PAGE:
The best opera houses in Italy

The best opera houses in Italy

8 top opera houses and historic theaters in Italy

From Verdi and Vivaldi to Tosca and La Traviata, Italy’s composers and operas are famous the world over. And where better to enjoy these masterpieces than in their home country? Italy’s theatres are as impressive as the pieces played in them – from Milan in the north to Palermo in the south, here’s a list of the best opera houses in Italy to enjoy classical, ballet or contemporary arts performances.

Rome: Teatro dell’Opera di Roma

Rome opera house

Italy’s capital city wouldn’t be complete without an opera house – the Teatro dell’Opera di Roma was originally opened in November 1880 as the 2,212 seat Costanzi Theatre, before several structural modifications and name changes turned it into the place we see today. It can seat up to 1600 people and its horseshoe shape allows for excellent acoustics. Opera and ballet performances are staged between September and June, while during the summer, the program takes place under the stars at the open-air Roman Terme di Caracalla.


Venice: La Fenice Opera House

Fenice Opera House in Venice

Situated in the San Marco neighbourhood, The Fenice Opera House is famous for, like its namesake the pheonix, rising from the ashes. Founded in 1792, it was inaugurated on 16th of May on the Ascension Day, which celebrates the Marriage of Venice with the sea. However, it has endured three major fires; the first in 1774, the second in 1836, and the third as a result of arson in 1996. Despite its setbacks, The Fenice remains one of the most famous and influential opera houses in Italy – in the 19th century, La Fenice became the site of many famous operatic premieres at which the works of several of the four major bel canto era composers – Rossini, Bellini, Donizetti, Verdi – were performed.


Naples: Teatro San Carlo

Teatro di San Carlo in Naples

The Teatro di San Carlo is the oldest continuously active venue for public opera in the world, opening in 1737. Given its impressive size, structure and antiquity, it was the model for theatres that were later built in Europe. At the time of building, Neapolitan operas and artists were famous across Europe, so much so that Naples became the capital of European music and even foreign composers considered a performance at the San Carlo theatre as the goal of their career. Many shows including opera and ballet are still performed at Teatro San Carlo, with planning ongoing for a museum.

Palermo: Teatro Massimo

Teatro Massimo in Palermo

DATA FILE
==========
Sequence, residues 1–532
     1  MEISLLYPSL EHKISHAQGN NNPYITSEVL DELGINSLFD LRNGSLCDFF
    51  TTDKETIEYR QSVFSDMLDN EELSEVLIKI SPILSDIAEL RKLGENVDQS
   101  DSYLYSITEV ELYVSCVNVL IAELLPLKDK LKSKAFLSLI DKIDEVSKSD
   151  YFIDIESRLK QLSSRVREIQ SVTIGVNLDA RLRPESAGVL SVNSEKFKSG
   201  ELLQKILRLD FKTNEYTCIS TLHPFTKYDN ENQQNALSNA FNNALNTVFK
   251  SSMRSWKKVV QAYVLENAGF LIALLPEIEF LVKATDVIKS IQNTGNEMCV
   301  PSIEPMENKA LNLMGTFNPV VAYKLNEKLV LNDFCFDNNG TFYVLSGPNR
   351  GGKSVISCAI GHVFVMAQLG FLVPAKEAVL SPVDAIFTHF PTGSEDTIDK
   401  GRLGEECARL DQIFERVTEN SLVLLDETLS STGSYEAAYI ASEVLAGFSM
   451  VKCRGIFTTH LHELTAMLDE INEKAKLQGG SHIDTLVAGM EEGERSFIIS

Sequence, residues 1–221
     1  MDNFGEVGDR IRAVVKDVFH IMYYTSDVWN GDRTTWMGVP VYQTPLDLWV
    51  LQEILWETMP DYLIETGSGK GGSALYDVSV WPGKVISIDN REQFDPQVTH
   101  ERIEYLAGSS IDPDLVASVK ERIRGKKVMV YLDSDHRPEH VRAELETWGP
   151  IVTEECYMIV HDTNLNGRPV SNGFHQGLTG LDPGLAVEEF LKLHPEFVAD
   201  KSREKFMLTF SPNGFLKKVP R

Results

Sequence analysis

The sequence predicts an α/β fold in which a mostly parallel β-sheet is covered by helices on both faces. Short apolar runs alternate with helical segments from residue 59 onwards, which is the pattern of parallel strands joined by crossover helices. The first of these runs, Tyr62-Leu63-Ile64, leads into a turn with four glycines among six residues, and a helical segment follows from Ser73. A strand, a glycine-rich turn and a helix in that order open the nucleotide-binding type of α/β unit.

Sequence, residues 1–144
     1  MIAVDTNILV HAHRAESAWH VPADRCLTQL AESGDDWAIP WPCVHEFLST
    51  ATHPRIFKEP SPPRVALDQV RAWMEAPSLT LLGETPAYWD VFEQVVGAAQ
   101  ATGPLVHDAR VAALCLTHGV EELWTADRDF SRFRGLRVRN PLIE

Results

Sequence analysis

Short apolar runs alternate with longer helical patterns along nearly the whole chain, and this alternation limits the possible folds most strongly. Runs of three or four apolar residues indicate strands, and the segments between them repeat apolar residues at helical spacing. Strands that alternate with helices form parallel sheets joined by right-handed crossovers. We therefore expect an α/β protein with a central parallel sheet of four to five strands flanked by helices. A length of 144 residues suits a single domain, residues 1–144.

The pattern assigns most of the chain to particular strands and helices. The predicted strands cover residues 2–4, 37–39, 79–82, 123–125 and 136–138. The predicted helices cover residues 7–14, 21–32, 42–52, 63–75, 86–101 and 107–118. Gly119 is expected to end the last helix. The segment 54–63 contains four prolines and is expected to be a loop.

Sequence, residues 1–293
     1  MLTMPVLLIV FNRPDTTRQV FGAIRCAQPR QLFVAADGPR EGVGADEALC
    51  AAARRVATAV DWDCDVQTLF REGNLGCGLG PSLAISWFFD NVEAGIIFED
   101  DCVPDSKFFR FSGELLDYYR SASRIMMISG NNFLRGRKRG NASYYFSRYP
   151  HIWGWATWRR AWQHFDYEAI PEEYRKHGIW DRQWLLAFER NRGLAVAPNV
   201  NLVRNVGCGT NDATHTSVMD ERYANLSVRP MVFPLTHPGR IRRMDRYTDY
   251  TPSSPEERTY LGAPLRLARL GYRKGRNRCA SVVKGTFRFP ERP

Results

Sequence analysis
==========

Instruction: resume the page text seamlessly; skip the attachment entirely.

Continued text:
Palermo’s Teatro Massimo was dedicated to King Victor Emanuel II and opened in 1897, designed as an impressive cultural hub to celebrate the city’s ‘belle epoque’. The huge theatre is actually the biggest in Italy, and one of the largest of Europe – only the Opéra National de Paris and the K. K. Hof-Opernhaus in Vienna are larger. It is famous for its amazing acoustics and its use of ancient and classical Sicilian architecture, incorporating elements of the Greek temples at Selinunte and Agrigento. If you’re a movie fan, it may interest you to know that the final scenes of the film The Godfather Part III were filmed at the theatre!

Milan: La Scala Opera House

Teatro alla Scala in Milan

Arguable one of Italy’s most famous opera houses in modern times, Milan’s La Scala has played host to most of Italy’s greatest artists, and many famous singers from around the world. The theatre is home to La Scala Theatre Chorus, La Scala Theatre Ballet and La Scala Theatre Orchestra. It even had a particularly special relationship with Verdi – although, for several years, however, Verdi did not allow his work to be played here, as some of his music had been modified, or as he called it, “corrupted”, by the orchestra. It has a bookshop, bar, and history museum, as well as its own school for the performing arts.

Florence: Teatro del Maggio Musicale Fiorentino

Teatro del Maggio Musicale Fiorentino

The Teatro del Maggio Musicale Fiorentino is completely different to the other theatres on the list, built in a contemporary style and officially opened in December 2011. The modern and multifunctional building is at odds with many of Florence’s famous architectural treasures, creating a wonderful juxtaposition with the rest of the city. The huge space – 360,000 square meters – was constructed in an elegant style, including terraces and enclosed spaces. The actual theatre, the Cavea, is a modern amphitheatre located on the roof, where 2,000 spectators can enjoy shows and open air concerts.

Torino: Teatro Regio

Teatro Regio in Turin

The Teatro Regio was initially inaugurated on 26 December 1740, but was then closed on royal order in 1792 – and it became a storage warehouse! With the French occupation of Turin during the Napoleonic War the theatre was renamed the Teatro Nazionale and finally, after Napoleon’s ascent to Emperor, renamed again as the Teatro Imperiale. Napoleon’s fall in 1814 saw the theatre return to its original name, the Regio. The theatre was then destroyed by fire in 1936, before reopening again in 1973. The rebuilt theatre keeps the original façade, but features striking contemporary interior design inside.

Bologna: Teatro Comunale

Teatro Comunale di Bologna

Bologna’s Teatro Comunale is actually one of Italy’s oldest theatres, with a rich history and sumptuous decor – but is often overlooked in favour of larger cities like Milan and Venice. Opened in 1763, it specialised in works by Giuseppe Verdi and, in 1871, hosted the Italian premiere of Wagner’s Lohengrin. It is a stunning example of 18th-century baroque architecture, and hosts around eight operas throughout its season, both traditional and with contemporary twists.

Leave a Reply

Your email address will not be published. Required fields are marked *